I would like to emphasise that, at first, I was excited simply because I was going to be able to volunteer in East Africa again. But when I got to the KYGN website, which incidentally looks very different now to how it did then, and found the page where they were detailing their plans to build a new school? Well…I spilt my drink/fell off my chair/peed my pants (delete whichever two you think are untrue).
Because among the things they said they wanted to build, they included a library.
I had to calm myself down and compose myself for…well, probably a few days. I made myself think rationally, and calmly weighed things up. After all, I’d been here before, and look what happened. And that time I’d actually already been to the country first. So it was important to not get carried away or get my hopes up too high.
What convinced me to go for it was the fact that, firstly, they were an established charity with a professional website. What really clinched it was the fact they had an English lady (Michelle) co-running the project who was living out there, and had been since 2010. At first glance the sentence I’ve just written looks callous, insensitive and even offensive. But the simple fact is having someone on the inside who knows how the Western world works – proposals, objectives, deadlines – would be crucial in a culture that adopts more of a ‘when things happen, they happen’ approach.
I’m not saying one lifestyle is inherently better than the other. It’s more a case of: if two organisations from cultures with different philosophies work together, having someone who can speak both their languages is crucial to there being a successful working relationship.
So anyway, I rather nervously sent a speculative e-mail to Michelle to explain what I was thinking – I pick a group of kids from my school, we raise you the money you need for the library, we make necessary preparations over here, send out the money in stages for you to construct the building, then we fly out to open the library – and to see if she was interested. She replied within hours. With an emphatic, and very excited-sounding, yes. We exchanged more e-mails. She put me in touch with Mandy, who ran KYGN from the UK side of things.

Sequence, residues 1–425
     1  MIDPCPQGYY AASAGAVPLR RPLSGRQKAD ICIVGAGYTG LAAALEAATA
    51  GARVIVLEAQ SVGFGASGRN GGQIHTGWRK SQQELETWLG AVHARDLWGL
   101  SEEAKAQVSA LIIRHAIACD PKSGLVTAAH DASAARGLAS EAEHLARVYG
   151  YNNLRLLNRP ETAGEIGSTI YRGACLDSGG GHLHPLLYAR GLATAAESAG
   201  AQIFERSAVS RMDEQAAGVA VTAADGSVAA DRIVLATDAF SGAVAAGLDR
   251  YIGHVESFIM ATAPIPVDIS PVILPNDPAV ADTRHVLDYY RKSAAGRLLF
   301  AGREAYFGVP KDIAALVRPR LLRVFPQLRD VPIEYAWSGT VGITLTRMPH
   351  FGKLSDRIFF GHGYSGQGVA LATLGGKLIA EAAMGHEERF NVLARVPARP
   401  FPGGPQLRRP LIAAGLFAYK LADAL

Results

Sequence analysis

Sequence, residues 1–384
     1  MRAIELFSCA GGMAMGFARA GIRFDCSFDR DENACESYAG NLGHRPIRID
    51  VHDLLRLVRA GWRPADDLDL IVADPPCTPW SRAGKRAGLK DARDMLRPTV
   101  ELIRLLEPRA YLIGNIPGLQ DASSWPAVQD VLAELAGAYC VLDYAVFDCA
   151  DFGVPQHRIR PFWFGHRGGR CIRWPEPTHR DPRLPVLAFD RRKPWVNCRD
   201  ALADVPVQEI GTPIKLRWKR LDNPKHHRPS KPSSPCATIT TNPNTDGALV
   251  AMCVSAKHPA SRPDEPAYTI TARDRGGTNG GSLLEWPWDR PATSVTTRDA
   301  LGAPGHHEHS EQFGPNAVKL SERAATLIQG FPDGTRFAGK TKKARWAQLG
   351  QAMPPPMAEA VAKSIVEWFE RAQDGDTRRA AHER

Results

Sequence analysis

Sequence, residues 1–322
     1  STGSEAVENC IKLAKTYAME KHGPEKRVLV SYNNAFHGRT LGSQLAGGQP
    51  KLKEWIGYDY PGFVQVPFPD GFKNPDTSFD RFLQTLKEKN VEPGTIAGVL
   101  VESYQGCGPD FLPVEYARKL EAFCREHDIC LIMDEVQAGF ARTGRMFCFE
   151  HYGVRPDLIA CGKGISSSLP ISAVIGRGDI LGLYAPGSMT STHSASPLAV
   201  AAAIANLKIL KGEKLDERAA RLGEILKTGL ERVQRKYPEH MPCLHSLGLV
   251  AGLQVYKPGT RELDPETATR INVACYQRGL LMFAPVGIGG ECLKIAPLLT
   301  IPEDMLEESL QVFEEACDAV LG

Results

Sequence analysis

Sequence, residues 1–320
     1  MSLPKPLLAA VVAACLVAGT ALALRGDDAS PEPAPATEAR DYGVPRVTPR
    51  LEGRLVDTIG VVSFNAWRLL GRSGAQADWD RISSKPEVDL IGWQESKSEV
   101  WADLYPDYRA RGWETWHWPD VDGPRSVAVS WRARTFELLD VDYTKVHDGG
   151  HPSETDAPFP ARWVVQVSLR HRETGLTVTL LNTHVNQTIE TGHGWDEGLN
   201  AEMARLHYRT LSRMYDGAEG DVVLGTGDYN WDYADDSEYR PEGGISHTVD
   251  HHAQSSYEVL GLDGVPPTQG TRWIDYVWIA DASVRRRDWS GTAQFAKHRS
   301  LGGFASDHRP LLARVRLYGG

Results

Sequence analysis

Things quickly gathered speed from there. Mandy met with me at my school, where we ironed out a few necessary details. The meeting was most productive, and we both left it feeling even more excited. Taking a group of teenagers out to somewhere like Tanzania isn’t to be taken lightly either. So I did some digging and made some enquiries and found a company, Wilderness Expertise, who specialise in organising expeditions with a humanitarian angle for school groups who fit the bill. After meeting with their expeditions coordinator Georgia (who has possibly the best hair I have ever seen), we’d set things up so we’d be in a position to advertise it to the kids shortly after the summer break.
So all the pieces were in place. Now it was time to fly out to Tanzania to see the KYGN School for myself.